Food & Fiction: Memorable Meals in Literature

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This month’s It’s Lit! covers everyone’s favourite topic: food.

If it isn’t your favourite topic, just give yourself 48 hours without it and see if that changes your mind.

I’ve always found food scenes in books to fall into two categories: needless exposition, or important showing (Oliver Twist is a great example of this). While the video discusses the latter, it is all too common that the former is what we read most.

While I was watching the video I was reminded of something I read last year. The discussion of bread in Victor Hugo’s Les Misérables, particularly around the hard bread that needed to be soaked, was something that Karl Marx wrote about in Das Kapital. The hard bread was actually due to deliberate contamination to make cheap bread that workers could afford, knowing full well that it was bad for them to eat, and the employers knowing full well that the workers couldn’t afford to eat properly (keeping them hungry so they would work).

A great way to remind us future people of how society used to run.*

Food varies wildly from place to place and from culture to culture; since humans are such sensory creatures, using words to evoke the experience of eating is an excellent way to bring a text to life.

It’s Lit! is part of THE GREAT AMERICAN READ, an eight-part series that explores and celebrates the power of reading. Hosted by Lindsay Ellis.

*Let’s be honest, society would quite happily go back to those conditions, and in some areas of the world, it still is operating in that way.

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Death of the Author

The birth of the reader must be at the cost of the death of the author… or so says Roland Bathes in his essay Death of the Author. Are we talking about literally killing authors? No, this is figurative (like most uses of literally). Can Death of the Author include killing the author? Sure, but get a good lawyer first.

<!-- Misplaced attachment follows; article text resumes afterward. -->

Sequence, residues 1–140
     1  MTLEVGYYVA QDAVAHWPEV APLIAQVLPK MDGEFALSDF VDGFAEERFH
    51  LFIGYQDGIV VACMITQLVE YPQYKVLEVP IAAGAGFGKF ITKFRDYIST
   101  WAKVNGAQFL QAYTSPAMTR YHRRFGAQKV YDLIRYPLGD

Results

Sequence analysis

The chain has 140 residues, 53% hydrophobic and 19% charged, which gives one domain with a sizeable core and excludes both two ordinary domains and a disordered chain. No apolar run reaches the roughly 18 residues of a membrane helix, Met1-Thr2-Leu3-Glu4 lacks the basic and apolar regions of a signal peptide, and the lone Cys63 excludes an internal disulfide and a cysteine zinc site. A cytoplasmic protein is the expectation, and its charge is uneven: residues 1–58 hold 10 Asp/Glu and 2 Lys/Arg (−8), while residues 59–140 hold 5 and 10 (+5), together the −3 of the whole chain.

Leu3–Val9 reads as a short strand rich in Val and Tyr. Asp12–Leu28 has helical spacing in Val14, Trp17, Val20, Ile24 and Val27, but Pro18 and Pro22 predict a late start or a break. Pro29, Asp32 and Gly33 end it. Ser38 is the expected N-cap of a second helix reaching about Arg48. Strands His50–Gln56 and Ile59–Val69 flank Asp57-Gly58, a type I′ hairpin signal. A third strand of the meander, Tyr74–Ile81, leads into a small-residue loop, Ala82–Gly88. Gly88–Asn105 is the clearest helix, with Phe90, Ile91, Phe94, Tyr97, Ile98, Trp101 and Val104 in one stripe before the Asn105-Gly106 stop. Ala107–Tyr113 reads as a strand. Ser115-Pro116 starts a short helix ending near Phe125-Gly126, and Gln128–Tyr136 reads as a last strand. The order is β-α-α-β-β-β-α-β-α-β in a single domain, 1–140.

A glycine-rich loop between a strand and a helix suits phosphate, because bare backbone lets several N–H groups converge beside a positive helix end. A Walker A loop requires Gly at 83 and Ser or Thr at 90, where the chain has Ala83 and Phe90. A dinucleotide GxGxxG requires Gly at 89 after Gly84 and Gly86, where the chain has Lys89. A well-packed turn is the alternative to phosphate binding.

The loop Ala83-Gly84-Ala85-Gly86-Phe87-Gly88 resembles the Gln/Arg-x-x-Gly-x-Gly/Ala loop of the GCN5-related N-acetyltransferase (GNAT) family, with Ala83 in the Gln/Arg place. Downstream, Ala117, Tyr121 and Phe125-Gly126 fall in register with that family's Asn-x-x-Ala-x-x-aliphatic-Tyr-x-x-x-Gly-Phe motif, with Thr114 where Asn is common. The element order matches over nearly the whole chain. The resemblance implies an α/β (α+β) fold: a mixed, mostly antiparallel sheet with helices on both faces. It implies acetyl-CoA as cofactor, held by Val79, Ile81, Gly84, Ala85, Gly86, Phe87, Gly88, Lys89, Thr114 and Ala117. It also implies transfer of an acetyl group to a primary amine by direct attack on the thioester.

Let’s let Lindsay Ellis (and John Green) explain:

My take on Death of the Author is somewhat complicated. I think there is relevant information that the author has that doesn’t make it into the story (think Elvish languages from Tolkien*), but I also think that quite often if it isn’t in the story it doesn’t really exist. I think that stories are really up to the readers to interpret, as viewpoints and interpretations will change over time**, but that doesn’t mean readers always interpret correctly.

This is a hedged way of saying that Death of the Author is probably too simple a way of thinking about how stories should be interpreted. At least, that’s my interpretation of it.

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Source: Mimi and Eunice

*Let’s not get into how “relevant” I think those languages are, or a lot of that world-building from authors in general is.

**You may remember book reviews here where I’ve discussed how older books haven’t aged well due to changing societal standards. Sexism and racism are obvious changes that have happened in the last 50 years which make formerly acceptable, even progressive, moments in a story seem backward and unacceptable now.

Another thing that can occur is changes to society changes interpretations. E.g. The Baby It’s Cold Outside controversy can be summed up as an old song made references to things that we are no longer familiar with, so our interpretation changes. This makes Death of the Author a truly bad thing for any artwork that is “consumed” outside of the social and temporal setting it was made within.

Book vs Movie: Hellboy – What’s the Difference?

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This month’s instalment of What’s the difference? from CineFix looks at Mike Mignola’s graphic novel and Guillermo Del Toro’s Hellboy?